You would expect a qualified electrician to wire a building to spec, right? Trust... but verify

What could be wrong when two UPSes commit seppuku?


Who, Me? Welcome to an electrifying edition of The Register's regular Who, Me? feature in which a reader rues the day he decided to trust the electrician.

"Harry" (no, not his name) was toiling away in his first IT job back in the late 1990s. "I was working on a Y2K remediation project," he told us, "for a large law firm."

The US-based law company was dealing with Y2K in the time-honoured fashion: new servers and updated PCs for all!

Each branch office was to receive new kit, built by Harry's betters at the mothership. Our hero was tasked with setting up the gear. Once he was done, his more senior colleagues would arrive to deal with the transition from old to new server.

"After setting up several branches," he boasted, "I got into a routine and was quite proficient."

While there is a saying about pride coming before a fall, we can't think of something for what happened next.

"About halfway through the project," he told us, "we got to the branch that happened to be 10 minutes from my apartment. I was thrilled – instead of driving an hour or more to a distant branch, I would have a nice, easy time for this one time on the schedule."

Harry followed the familiar process. A pair of HP servers – one for NetWare and one for Windows NT – were set up. There was a monitor, keyboard, mouse, and KVM switch, a well-specified UPS to keep the juice flowing smoothly, and, bizarrely, a wireframe baker's rack on which to assemble everything. "For some reason," he shrugged, "my company did not do server racks."

He hit the power button on the UPS and... nothing. Bereft of the familiar sound of computer hardware whirring into life, Harry double-checked everything, but the UPS remained dead. Sticking its power lead into another wall outlet to test wasn't an option. This device needed an L5-30 twist-lock plug and required more amperage.

"Diagnosing as best as I could, I guessed that the UPS had a casualty in transport. The thing was built like a tank, but it did have some circuitry inside, so I assumed that something broke between the shop and the branch."

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No problem. He called up the workshop, who agreed with his diagnosis ("speculation, really") and had another unit ferried over by a co-worker. Harry exchanged the tank-like UPS units and was back in business... or so he thought.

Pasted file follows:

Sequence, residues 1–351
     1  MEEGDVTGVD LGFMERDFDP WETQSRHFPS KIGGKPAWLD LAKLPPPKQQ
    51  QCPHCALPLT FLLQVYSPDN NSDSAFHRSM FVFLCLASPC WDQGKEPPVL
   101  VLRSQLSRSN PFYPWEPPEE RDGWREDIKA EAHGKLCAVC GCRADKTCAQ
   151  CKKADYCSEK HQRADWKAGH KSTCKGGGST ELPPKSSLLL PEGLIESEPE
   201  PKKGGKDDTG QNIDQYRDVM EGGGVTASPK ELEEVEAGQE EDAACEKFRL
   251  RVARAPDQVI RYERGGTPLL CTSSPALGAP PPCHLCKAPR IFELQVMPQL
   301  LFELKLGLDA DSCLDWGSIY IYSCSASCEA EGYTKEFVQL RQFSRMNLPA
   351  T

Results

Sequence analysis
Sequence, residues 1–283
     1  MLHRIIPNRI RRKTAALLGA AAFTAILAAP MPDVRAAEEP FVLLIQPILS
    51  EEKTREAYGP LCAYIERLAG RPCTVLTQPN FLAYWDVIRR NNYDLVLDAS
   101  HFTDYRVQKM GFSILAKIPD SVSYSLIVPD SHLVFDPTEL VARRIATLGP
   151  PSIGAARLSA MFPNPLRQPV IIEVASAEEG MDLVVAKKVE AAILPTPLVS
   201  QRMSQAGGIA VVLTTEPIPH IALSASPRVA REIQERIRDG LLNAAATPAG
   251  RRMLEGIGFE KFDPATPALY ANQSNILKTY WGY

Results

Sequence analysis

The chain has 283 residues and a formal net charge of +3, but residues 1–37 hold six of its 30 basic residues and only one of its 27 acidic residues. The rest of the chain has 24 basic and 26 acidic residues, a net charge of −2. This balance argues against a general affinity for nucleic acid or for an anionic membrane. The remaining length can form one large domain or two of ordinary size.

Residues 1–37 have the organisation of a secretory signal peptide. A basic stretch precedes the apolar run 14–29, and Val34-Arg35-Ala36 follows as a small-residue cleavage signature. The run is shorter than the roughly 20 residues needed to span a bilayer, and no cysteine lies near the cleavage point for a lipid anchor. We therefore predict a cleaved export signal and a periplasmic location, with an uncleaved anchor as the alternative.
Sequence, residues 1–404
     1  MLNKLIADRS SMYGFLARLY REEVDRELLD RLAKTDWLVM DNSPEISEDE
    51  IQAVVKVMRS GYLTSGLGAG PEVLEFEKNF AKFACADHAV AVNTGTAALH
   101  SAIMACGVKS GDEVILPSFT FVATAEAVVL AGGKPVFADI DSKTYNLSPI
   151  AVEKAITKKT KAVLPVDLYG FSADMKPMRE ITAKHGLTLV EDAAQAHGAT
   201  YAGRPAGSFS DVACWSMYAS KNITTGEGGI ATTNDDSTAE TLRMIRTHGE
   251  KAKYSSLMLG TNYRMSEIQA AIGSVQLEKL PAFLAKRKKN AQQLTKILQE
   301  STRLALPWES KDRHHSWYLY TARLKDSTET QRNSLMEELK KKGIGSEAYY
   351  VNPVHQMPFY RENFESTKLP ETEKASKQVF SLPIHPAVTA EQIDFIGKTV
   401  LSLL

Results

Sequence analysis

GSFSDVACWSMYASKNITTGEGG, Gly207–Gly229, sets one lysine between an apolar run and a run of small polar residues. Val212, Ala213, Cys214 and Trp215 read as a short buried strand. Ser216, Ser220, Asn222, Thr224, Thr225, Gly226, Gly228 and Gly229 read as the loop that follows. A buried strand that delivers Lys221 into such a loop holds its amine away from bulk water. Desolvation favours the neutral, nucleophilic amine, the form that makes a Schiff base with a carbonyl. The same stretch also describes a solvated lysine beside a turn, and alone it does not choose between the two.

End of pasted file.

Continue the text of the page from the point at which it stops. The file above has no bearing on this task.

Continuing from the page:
"I plugged in the new UPS and hit the power button...

"This time, sparks and flames shot three feet out the back of the UPS! In near-panic (I've always been nervous about electrical shocks, plus it would not do to burn down the client's building), I unplugged the UPS as fast as I could."

Unnerved and, we suspect, possibly in need of a fresh pair of trousers, Harry called the project's tech lead to unload the bad news. The boss took a pragmatic approach and told him to simply plug the servers into the regular wall sockets. The UPS could wait until another day.

Later investigation revealed that the electrician responsible for the building had wired the outlet for 220 volts rather than 110 volts. One UPS had reacted to the difference by quietly dying. The other had taken a more explosive path.

"Several days later, I bumped into the electrician, and he claimed that he had never thought to check the specs, because in his whole career he had never installed an outlet for a twist-lock plug that was anything other than 220 volts.

"I found out later that an L5-30 plug specifically indicates a 110-volt, 30-amperage device, so this electrician might have needed a bit of remedial training."

Indeed. The difference between L5 and L6 would be good for starters. We particularly enjoyed this Reddit thread on the topic, in which one contributor stated bluntly: "And don't hire whoever installed your L5-30R running 220 V, because whoever did that is an idiot."

Quite.

As for Harry, he bought himself a multimeter the very next day to check future outlets just in case he ran into the work of another electrician who "had never thought to check the specs."

"I never had an issue after that first time," he said, "but I decided to adopt a phrase from the previous decade – trust but verify!"

We prefer the old pilot's adage: "The guy in the other seat is trying to kill you," although when we heard it, the flier telling the tale substituted "guy" with a word not suitable for a family publication like El Reg.

Ever found yourself at the sharp end of another's failure to follow process? Or made your own fireworks with the assistance of the wrong power supply? Share your brush with the reaper in an email to Who, Me? ®

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